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Preface BACKGROUND Marine aquaculture the farming of marine finfish, shellfish, crustaceans, and seaweed, as well as ocean ranching of anadromous fishis a rapidly growing industry in many parts of the world. In some countries, such as Norway and Japan, that have invested in technology development and appli- cations, the marine aquaculture industries represent a substantial sector of the economy. In many developing countries, aquaculture plays an impor- tant role in rural development projects and as a commercial enterprise for export markets. The culture of marine organisms is projected to increase as new tech- nologies are developed that improve the economic feasibility of these op- erations, as better understanding of the biology and ecology of target spe- cies is obtained, and as harvests of wild fish stocks level off or decline. Demand for fish, shellfish, and marine plant products is increasing rapidly in the United States. Domestic per capita consumption is anticipated to continue to grow at about 3 percent per year. Alternatives for meeting in- creasing demand include more imports, development of nontraditional fish- ery resources, and expansion of domestic marine aquaculture operations. Another area of significant potential for marine and freshwater aquaculture is an expanded public role in mitigation for loss of habitat or for restoring threatened or overfished wild stocks. v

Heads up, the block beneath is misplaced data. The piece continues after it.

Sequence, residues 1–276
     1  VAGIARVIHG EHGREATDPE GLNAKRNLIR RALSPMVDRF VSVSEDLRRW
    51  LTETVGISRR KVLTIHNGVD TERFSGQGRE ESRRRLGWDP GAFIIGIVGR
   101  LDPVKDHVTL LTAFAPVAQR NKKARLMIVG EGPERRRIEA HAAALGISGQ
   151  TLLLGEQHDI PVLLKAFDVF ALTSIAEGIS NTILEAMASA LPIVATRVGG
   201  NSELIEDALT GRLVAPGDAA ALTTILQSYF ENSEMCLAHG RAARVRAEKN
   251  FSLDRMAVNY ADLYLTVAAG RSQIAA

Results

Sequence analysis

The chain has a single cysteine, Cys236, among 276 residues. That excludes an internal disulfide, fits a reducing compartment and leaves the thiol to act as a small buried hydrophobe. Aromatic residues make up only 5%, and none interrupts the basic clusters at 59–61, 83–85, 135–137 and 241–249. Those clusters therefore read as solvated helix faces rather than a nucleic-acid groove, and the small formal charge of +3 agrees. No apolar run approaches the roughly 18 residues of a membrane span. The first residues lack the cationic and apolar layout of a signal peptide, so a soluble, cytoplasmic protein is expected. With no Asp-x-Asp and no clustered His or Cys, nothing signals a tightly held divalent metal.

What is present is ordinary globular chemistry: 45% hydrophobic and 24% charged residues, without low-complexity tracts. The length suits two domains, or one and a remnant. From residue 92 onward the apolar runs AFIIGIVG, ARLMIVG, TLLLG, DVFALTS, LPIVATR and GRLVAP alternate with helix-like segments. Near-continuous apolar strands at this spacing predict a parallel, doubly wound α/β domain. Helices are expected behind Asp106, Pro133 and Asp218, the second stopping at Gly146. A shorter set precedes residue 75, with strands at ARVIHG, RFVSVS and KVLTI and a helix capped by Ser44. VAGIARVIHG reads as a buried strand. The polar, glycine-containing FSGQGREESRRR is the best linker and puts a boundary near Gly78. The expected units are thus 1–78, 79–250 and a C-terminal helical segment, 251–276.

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Vl PREFACE SCOPE OF THE STUDY The National Research Council (NRC) convened a committee under its Marine Board to assess technology and opportunities for marine aquaculture in the United States. Biographies of committee members appear in Appen- dix E. The committee was asked to define the national interest in marine aquaculture; to assess the state of practice; and to identify opportunities, establish requirements, and recommend strategies for the appropriate ad- vancement of marine aquaculture in the United States. The membership of the committee included expertise in aquacultural en- gineering, aquacultural production, civil engineering, sanitary engineering, fisheries biology, fisheries management, economics, and ocean and coastal policy. Three individuals from private sector marine aquaculture operations served on the committee. Care was taken to ensure a balance of experience in different regions, with different species, and with different aquaculture technologies. The committee was assisted by liaison representatives from federal agencies with related programs or missions: the U.S. Department of Agriculture, the National Oceanic and Atmospheric Administration, the U.S. Fish and Wildlife Service, and the National Science Foundation. The prin- ciple guiding the committee, consistent with NRC policy, was not to ex- clude any information, however biased, that might accompany input vital to the study, but to seek balance and fair treatment. The primary objective of the study was to identify and appraise opportu- nities for technology development that can optimize cost-effectiveness and productivity, mitigate environmental constraints, or resolve institutional and policy issues that present obstacles to the advancement of marine aquacul- ture in the United States. Such an approach does not imply that all problems are susceptible to technological solutions. It seeks only to identify those that might be and to describe possible technological solutions. The committee reviewed national, state, and local policies that regulate or otherwise affect marine aquaculture to determine changes that might be appropriate. STUDY METHOD The committee obtained information for the assessment through several approaches. First, it held.regional meetings at which members heard formal presentations by practitioners of marine aquaculture business and research activities and those with policy or management oversight. In these work- shops, the engineering state of practice of various regional and species- specific marine aquaculture systems was described, along with the eco- nomic and institutional factors. These investigations consisted of presentations by invited guests from the West Coast, the Northeast, the South Atlantic, and the Gulf regions on issues specific to these areas. Participants included